Vol. 5, No. 5
~ Page 9 ~
We have all looked into magazines or newspapers in which we have found those "Before and After" pictures. Before the person was obese, after he is very thin. Before the person had no muscular build, after he looks "muscle-bound." The purpose of those pictures, and the advertisements which they depict, is to get us to buy some product that is purported to work on our physical bodies in some magical way to make of us something that we are not. We rather suspect that the most of them do not do any good that would not have been done without them if the person had put forth the same amount of effort.
However, there is a "before and after" picture, a "then and now" picture found in the New Testament to which we should give some careful attention. In Ephesians 2:11-13, Paul gave a "then and now" picture to the Gentiles who had become Christians in the city of Ephesus in order to show them just how greatly God had blessed them by adopting them into his family.
In times past, these Gentile Christians were Gentiles according to the flesh, and as such, they were looked down upon by the Jews who referred to them disparagingly as the "Uncircumcision." It is no secret that the Jews looked upon all Gentiles as barbarians, and at the same time took great pride in the fact that they were the descendants of Abraham and recipients of the great promises of God, as well as the Law of Moses and other spiritual benefits. At the time that the Jews were feeling this superiority, Jesus came into the world to make it possible for all men to be redeemed from sin. But even for some time after the ascension of Christ, the Gentiles at Ephesus, and other places, were without him because the Gospel had not yet been preached to them. At the time in which they were in the spiritual condition described above, they were also "aliens" from the citizenship of Israel, that is, they did not belong to the chosen people of God. At the same time, they were "strangers (foreigners) from the covenants of promise." The covenants of promise had been made to Abraham, Isaac and Jacob first and then applied to the nation of Israel who was to be a light to the Gentiles. The reason that the Gentiles were "strangers to the covenants of promise" was not that God did not have them in mind when he told Abraham that all clans of the earth would be blessed in him and in his Seed, but they were strangers because they had never been told of the promises in the covenants of God. The Jews had been! During this same period of time, these Gentiles had no hope for salvation because they were living in a godless world of sin and idolatry. That was the picture then!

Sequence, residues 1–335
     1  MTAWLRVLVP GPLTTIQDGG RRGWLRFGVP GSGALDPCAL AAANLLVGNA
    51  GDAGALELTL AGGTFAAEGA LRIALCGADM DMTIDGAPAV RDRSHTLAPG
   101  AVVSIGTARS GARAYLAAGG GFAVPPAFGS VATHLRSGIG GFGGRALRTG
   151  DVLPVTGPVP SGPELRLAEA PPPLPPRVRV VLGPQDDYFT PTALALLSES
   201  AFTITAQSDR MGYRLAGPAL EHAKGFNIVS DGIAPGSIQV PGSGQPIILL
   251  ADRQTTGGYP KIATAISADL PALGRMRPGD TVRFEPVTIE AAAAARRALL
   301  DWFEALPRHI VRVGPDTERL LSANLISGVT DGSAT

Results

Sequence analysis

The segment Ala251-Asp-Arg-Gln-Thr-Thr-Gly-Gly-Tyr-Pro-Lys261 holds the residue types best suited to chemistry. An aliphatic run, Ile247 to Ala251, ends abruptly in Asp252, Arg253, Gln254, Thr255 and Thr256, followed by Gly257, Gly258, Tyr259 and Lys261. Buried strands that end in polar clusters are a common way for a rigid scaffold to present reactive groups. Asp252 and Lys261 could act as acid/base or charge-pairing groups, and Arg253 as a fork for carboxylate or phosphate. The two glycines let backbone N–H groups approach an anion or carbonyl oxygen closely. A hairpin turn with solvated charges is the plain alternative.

The Holy Spirit, as he wrote through the hands of Paul, went on to say that now there is a very different picture. Now, since they had been added to the body of Christ, the picture has completely changed and these Gentiles were as spiritually close to God as they could be because they had been brought near to God by the blood of Christ. Since the blood of Christ was the ransom price paid for the redemption of mankind, all who were cleansed by it had been brought "near" to God. To be "near" God means that one has been redeemed by God, that he is reconciled to God, and therefore, he and God are no longer strangers but friends. This was all accomplished in a relationship with Christ, for Paul said, "But now in Christ Jesus..." these changes have been made. Once these people had been "...in the flesh..." That is, they conducted their lives according to the demands of the flesh, but now, after conversion, they were "...in Christ Jesus."
What was true of the Gentiles of Ephesus in ancient times is also true of us. If we are still in the flesh, that is, walking according to the demands of our lusts, we are persons with no hope and are without God in the world. But if we will obey from the heart the doctrine to which we have been delivered, and come by conversion into Christ, then we do have remission of sins, we are filled with hope for the future life and we have a satisfying relationship with God the Father, and with Jesus the Son. The ugly hopelessness was then But living in a reconciled relationship with Yahweh and Christ is now! Thank God for now!